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Lisa Gerrard and Pieter Bourke

BY FIONA MORGAN | Those who love the sonic cultural panorama and otherworldliness of Dead Can Dance are familiar with Lisa Gerrard's voice. They know her attachment to Middle Eastern vocal styles, her range, her seeming ability to conjure up spirits. Like that other 4ADiva, Cocteau Twins founder and soprano angelico Elizabeth Frasier, Gerrard is now working on projects outside of her well-known band. On "Duality," Gerrard works with techno/trip-hop musician Pieter Bourke, creating a series of tracks that sound familiar.

Without Brendan Perry's rich, romantic bass and English-language lyrics, Gerrard's eerie contralto often is given to long dirgelike numbers such as "The Comforter" and "The Circulation of Shadows," bringing down even the upbeat "Human Game" with a long, spooky intro. Both Frasier and Gerrard are known for their melismatic singing style -- sounds rather than words. Yet while Frasier has worked toward painfully sincere lyrics and recently collaborated with Massive Attack, Gerrard's work here harkens back to the early high goth of Dead Can Dance albums such as "Spleen and Ideal." "Duality" does present two exciting tracks -- "Human Game" and "Nadir" -- but the rest are a little too low, too full of chants and moans, lacking the balance of a good DCD album. Gone is the accessibility that made even a medieval Italian ballad sound like rock music.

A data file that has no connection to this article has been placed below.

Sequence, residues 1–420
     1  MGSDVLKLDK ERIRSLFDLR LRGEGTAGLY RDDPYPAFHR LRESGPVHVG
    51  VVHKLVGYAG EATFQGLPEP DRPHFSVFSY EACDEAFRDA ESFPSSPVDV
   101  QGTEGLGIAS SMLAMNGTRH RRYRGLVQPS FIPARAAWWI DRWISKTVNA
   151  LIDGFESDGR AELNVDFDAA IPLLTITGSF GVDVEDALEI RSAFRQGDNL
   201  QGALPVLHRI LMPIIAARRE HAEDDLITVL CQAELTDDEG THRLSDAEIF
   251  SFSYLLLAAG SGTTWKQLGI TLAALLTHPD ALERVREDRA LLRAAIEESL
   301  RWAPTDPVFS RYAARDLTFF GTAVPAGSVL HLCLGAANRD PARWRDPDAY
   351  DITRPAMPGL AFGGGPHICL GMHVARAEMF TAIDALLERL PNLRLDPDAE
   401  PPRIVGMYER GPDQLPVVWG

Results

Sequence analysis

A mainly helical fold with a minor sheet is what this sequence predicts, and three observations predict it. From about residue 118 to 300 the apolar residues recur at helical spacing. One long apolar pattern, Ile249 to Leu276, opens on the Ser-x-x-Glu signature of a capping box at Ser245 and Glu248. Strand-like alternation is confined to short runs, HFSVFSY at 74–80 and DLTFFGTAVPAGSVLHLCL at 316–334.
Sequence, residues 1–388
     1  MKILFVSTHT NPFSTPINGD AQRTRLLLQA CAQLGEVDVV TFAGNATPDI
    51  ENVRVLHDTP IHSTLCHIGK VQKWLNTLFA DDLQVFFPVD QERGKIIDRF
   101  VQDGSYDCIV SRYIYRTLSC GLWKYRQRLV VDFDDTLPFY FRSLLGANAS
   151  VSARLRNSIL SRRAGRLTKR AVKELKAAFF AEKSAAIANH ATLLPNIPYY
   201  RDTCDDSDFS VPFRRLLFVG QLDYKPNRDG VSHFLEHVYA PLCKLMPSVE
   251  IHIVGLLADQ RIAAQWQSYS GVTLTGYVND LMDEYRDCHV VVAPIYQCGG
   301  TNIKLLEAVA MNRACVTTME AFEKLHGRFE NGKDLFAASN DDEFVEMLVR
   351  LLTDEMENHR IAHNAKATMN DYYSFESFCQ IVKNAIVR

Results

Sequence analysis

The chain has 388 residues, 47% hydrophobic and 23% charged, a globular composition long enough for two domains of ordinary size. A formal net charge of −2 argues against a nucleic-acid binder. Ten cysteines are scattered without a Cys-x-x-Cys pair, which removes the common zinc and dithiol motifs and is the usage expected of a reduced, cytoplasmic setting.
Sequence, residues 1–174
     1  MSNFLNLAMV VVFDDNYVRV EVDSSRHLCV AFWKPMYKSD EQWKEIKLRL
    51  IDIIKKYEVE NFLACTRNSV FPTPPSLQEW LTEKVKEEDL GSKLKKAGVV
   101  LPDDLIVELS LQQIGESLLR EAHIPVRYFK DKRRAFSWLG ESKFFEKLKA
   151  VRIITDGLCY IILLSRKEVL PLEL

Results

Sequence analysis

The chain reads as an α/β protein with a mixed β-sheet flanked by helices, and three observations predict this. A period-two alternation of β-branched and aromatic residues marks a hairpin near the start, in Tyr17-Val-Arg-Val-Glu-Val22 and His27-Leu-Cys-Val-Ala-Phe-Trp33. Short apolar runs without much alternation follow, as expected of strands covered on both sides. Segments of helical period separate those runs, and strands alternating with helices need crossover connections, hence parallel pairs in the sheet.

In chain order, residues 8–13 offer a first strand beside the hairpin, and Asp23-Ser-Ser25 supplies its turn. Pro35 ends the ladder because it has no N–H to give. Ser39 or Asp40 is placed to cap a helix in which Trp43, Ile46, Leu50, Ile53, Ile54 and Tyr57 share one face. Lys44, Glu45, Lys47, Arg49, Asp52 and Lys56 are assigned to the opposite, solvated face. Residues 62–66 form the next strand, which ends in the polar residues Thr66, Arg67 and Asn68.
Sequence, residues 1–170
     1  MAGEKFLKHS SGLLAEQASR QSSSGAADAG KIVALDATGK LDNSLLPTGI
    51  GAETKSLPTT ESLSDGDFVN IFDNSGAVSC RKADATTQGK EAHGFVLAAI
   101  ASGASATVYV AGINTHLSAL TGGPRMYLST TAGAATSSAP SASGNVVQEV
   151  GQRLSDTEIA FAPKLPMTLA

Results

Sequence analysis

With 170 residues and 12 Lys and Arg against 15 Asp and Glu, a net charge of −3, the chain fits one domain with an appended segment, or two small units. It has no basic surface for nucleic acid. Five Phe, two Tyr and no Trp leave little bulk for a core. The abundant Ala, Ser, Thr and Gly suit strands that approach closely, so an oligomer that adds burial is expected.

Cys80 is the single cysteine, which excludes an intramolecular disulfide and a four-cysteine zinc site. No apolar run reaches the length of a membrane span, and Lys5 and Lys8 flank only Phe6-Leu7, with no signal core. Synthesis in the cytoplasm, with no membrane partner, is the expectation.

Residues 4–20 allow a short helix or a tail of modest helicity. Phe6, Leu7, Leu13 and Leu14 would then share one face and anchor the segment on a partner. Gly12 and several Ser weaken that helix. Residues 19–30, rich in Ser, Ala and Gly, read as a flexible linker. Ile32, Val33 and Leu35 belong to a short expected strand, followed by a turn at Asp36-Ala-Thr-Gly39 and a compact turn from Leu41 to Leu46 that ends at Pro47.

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Various Artists

BY MARK ATHITAKIS | Purist fans of "electronica" -- the people who hate the word "electronica," for example -- will cry compromise here, and they'll have a point. The revelatory, mind-mending stuff comes out on bigger compilations released on smaller labels -- Mo' Wax's "Headz" series, most notably. But like its MTV-endorsed predecessor, "Amp 2" makes no claims to revolution, just to pop music, which it proudly asserts in new contexts: the DATs and samplers and turntables that are slowly streaming into suburban garages the way guitars used to. The uncut stuff has more ideas, true, but "Amp 2" has hooks, and that's all pop asks for.

Pretty great hooks, actually. Fatboy Slim's "The Rockafeller Skank" is a stunning mixture of surf rock and electrofunk, and much of the rest revels in similar collisions, though the collisions flow seamlessly. Roni Size's "Brown Paper Bag" and Goldie/KRS-One's collaboration "Digital" are drum 'n' bass aspiring to more than the dance floor. The star turns by rappers (Wu-Tang's Method Man, Public Enemy's Chuck D, Kool Keith) find them surprisingly comfy in the midst of ambient swirls and synth grooves without the sharp edges they're used to. You can still hear the purists' cries, though: Can't the mainstream accommodate something deeper than Air's lightweight "Sexy Boy" or the Propellerheads' brutally unsubtle "Bang On!"? Relax, some MTV-subscribing kid in a Kansas garage is working on it.

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Grant Lee Buffalo